Title

Shared Meanings of Success, Happiness, and Health Among Adults with Cerebral Palsy and Physiotherapists: Implications for Practice and Research

Document Type

Peer-Reviewed Article

Publication Date

1-2018

Abstract

PURPOSE:

To describe shared meanings of success, happiness, and health of adults with cerebral palsy and physiotherapists.

MATERIALS AND METHODS:

Ethnography employed open ended/semi-structured interviews and structured questionnaires (Satisfaction with Life Scale, Beck Depression Inventory-II®, Oxford Happiness Questionnaire, Life Habits Questionnaire, Medical Outcomes Study-Social Support Survey, and PROMIS® Pain Interference Scale). Content analysis of qualitative data and principal components analysis of questionnaire responses identified shared meanings.

RESULTS:

Fourteen adults with cerebral palsy and 15 physiotherapists (median age 46) had similar levels of education. For both groups, social achievements, personal goals, employment, and supporting a family defined success. Adults with cerebral palsy more frequently identified tenacity and persistence as important for success. Both groups described happiness as spending time with loved ones, recreational activities, and having purpose in life. Adults with cerebral palsy identified the importance of self-acceptance for happiness. For both, health included self-care of mind/spirit, cardiovascular and musculoskeletal wellness, and physical fitness (the ability to perform physical tasks). Analysis of questionnaire responses identified shared meanings (eigenvalue 41, 95% explained variance).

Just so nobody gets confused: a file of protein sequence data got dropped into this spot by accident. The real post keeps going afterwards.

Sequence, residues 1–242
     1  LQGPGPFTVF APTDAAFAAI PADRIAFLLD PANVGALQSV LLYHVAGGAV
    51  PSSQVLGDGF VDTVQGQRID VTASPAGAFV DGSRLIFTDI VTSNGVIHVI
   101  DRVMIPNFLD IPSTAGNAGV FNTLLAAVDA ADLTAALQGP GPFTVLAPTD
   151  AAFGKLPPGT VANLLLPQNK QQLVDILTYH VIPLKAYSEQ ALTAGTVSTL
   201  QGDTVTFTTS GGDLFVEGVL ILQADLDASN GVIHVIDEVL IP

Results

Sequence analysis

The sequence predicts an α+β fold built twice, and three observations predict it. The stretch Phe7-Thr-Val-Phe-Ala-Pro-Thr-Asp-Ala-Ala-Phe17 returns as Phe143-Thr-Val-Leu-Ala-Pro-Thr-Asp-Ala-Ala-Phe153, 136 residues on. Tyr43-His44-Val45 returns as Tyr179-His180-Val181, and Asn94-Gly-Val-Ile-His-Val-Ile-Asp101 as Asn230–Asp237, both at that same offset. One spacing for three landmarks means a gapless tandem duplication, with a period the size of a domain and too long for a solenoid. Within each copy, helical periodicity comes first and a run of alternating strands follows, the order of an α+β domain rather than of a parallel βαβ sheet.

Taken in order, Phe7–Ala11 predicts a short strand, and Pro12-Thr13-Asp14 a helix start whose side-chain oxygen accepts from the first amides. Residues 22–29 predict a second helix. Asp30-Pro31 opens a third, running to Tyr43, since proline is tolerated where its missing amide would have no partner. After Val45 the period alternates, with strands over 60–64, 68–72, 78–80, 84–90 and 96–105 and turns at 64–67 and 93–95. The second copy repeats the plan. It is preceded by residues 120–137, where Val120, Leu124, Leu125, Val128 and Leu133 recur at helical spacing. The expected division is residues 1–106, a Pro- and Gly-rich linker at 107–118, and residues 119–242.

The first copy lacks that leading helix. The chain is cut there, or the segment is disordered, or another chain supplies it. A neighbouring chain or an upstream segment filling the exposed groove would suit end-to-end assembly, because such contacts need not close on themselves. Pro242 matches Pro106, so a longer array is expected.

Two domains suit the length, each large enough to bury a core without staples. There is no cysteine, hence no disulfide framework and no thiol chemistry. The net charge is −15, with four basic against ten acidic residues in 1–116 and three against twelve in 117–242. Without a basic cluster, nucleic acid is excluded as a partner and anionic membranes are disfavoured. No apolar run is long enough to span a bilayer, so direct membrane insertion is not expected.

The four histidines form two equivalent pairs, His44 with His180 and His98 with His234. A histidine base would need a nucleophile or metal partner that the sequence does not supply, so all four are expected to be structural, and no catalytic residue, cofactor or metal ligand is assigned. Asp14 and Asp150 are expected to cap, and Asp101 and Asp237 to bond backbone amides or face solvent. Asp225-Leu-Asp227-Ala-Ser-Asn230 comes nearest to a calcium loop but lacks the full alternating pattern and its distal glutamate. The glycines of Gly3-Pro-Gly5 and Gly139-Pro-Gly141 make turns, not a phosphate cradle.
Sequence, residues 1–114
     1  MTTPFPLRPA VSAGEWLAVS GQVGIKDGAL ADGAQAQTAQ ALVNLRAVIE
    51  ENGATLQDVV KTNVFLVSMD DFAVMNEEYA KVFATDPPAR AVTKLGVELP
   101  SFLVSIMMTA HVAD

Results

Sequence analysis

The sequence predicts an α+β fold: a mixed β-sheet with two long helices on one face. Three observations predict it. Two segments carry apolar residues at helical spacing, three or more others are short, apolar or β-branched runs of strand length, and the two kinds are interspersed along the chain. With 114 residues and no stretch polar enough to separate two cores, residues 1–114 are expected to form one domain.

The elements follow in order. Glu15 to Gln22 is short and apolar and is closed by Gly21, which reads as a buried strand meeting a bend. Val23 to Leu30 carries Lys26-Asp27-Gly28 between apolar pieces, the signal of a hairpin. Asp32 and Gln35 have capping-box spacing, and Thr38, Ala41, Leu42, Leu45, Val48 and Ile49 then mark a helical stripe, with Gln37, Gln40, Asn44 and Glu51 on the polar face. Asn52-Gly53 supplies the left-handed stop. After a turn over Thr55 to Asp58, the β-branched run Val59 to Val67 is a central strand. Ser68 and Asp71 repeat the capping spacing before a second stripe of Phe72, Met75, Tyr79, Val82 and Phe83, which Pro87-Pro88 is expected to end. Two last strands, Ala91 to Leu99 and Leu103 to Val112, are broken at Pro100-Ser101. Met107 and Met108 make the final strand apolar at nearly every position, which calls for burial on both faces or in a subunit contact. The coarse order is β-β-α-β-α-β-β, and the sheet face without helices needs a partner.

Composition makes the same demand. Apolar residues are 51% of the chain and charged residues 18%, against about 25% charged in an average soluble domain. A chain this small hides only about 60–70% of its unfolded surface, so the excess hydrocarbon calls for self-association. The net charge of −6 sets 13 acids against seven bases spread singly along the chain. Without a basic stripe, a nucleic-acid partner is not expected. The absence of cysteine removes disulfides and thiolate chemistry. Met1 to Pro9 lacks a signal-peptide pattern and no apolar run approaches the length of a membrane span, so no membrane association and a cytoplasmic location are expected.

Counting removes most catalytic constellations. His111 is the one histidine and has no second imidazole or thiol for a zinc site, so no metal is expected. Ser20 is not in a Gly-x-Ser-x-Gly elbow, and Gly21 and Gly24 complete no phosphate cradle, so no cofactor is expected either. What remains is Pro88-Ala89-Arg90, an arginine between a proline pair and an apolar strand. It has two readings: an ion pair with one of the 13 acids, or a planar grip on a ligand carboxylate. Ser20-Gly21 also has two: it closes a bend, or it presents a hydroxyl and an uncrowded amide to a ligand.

CONCLUSIONS:

Adults with cerebral palsy and physiotherapists share similar experiences, behaviors, and feelings about success, happiness, and health. This knowledge may improve communication, enhance evidence-based practice, and foster services to support wellbeing. Implications for rehabilitation Cerebral palsy is a life-long condition, but we know little about social and physical outcomes for adults with cerebral palsy. Lack of understanding about meanings of success, happiness, and health may be a barrier for consumers accessing and for providers delivering evidence-based services. Physiotherapists and adults with cerebral palsy share similar meanings (feelings, experiences, beliefs, behaviors) of success, happiness, and health- or wellbeing. Knowledge of this common ground may result in improved communication between providers and consumers, and foster more relevant and meaningful services to support the wellbeing of adults with cerebral palsy.

DOI

10.1080/09638288.2018.1425488

PMID

29370730

Publication

Disability and Rehabilitation

Pages

1-10


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